St Piran’s Day and Launch of Cornish Foodie

St Piran's Day

St Piran’s Day here in Cornwall is a day of honouring our Cornish culture.

It seems right, somehow, to be celebrating the birth of Cornish Foodie on the day we pay tribute to our patron saint.

After all, he was known to love a good party himself.  Moreover, eating and drinking are said to be very much a part of the legend! 

Thrown from the cliffside in Ireland with a granite millstone around his neck, he was amazed to find the stone floating. Although he had no control, St Piran landed on the North Cornish coast at Perranporth. 

It must have appeared as if he had landed in paradise when he hit our shores!  Three miles of sheltered, soft, golden sands greeted his arrival.   

Christianity for all God’s Creatures

Deciding God’s will was to bring Christianity to the people of Cornwall, he set about building a small church.  His first converts were a badger and a fox.

It is the animals that today, lead the many parades that take place around the county. 

Or they would do in more normal times. 

Sadly, this year we will be without our parades, but you will still be able to join in the festivities virtually on the Truro St Piran’s Day Facebook page.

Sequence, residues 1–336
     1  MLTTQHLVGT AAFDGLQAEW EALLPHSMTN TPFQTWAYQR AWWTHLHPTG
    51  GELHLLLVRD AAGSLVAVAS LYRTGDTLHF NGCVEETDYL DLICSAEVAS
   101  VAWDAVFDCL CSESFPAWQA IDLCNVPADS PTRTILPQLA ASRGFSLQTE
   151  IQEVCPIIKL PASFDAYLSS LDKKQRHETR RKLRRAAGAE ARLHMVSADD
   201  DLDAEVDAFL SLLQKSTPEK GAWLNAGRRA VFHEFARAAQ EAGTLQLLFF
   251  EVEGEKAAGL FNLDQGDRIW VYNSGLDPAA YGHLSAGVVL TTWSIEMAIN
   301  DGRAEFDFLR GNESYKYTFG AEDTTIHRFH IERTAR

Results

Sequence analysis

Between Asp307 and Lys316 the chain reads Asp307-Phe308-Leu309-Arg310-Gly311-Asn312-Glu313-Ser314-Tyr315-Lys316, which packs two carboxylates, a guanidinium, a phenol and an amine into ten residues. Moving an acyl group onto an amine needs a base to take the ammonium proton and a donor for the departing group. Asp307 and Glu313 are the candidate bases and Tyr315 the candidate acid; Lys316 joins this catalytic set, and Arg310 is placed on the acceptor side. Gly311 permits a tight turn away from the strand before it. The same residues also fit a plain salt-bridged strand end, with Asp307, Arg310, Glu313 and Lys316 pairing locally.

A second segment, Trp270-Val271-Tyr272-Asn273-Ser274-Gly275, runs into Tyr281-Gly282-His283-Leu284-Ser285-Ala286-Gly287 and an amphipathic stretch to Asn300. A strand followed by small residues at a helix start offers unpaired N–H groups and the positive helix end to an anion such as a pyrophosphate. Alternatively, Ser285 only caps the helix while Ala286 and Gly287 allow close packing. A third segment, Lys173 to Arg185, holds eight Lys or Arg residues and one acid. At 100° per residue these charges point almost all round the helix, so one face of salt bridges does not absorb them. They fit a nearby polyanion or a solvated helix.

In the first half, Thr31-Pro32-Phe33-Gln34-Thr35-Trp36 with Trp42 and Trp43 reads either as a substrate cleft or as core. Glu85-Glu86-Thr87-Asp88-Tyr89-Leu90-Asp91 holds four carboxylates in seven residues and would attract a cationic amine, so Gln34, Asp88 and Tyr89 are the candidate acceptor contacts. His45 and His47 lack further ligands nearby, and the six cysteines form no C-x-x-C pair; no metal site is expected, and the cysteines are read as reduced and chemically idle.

Discovery of Cornish Tin

In addition, one of his many miracles was said to be the discovery of tin. 

Quite accidentally, St Piran had added a large lump of black rock to his fireplace so he could build a fire.  He was astonished to see a silvery-white metal spilling from the black rock. 

Furthermore, this juxtaposition of black and white forms the white cross on the black background of the St Piran’s flag.

Feasting on Cornish Food and Drink

Cornish Foodie

Cornish Foodie is excited to be bringing you today’s modern feasting.  We have so much bounty here in Cornwall and my mission is to spread the word far and wide.

Today is just the start of our journey together.  I am looking forward to delving into the myriad of small business ventures that make up the food and drink industry here in Cornwall.

I want to share the treasures of the less well-known, as well as highlighting some of the more notable brands. Their contributions to the wellbeing and health of the community are not to be underestimated.

Not only is it sensible to buy locally sourced food and drink by cutting down on food miles, but it also strengthens the local economy.

Reduction of our plastics use alone must be good.  Back in 2018 supermarkets reportedly were creating 1 million tonnes of plastic packaging waste every year.  That can only have got worse over the intervening years.

Launch of Cornish Foodie

Here at Cornish Foodie, we aim to bring you all the news, views, and opinions on a wide range of food and drink here in Cornwall.

Why not join in the fun? Subscribe to our newsletter, connect with our community.

Come, stay a while and explore Cornish food and drink via our pages. We guarantee there’s something for everyone.

We can’t wait to hear your thoughts.

Gool Peran Lowen!

Leave a Reply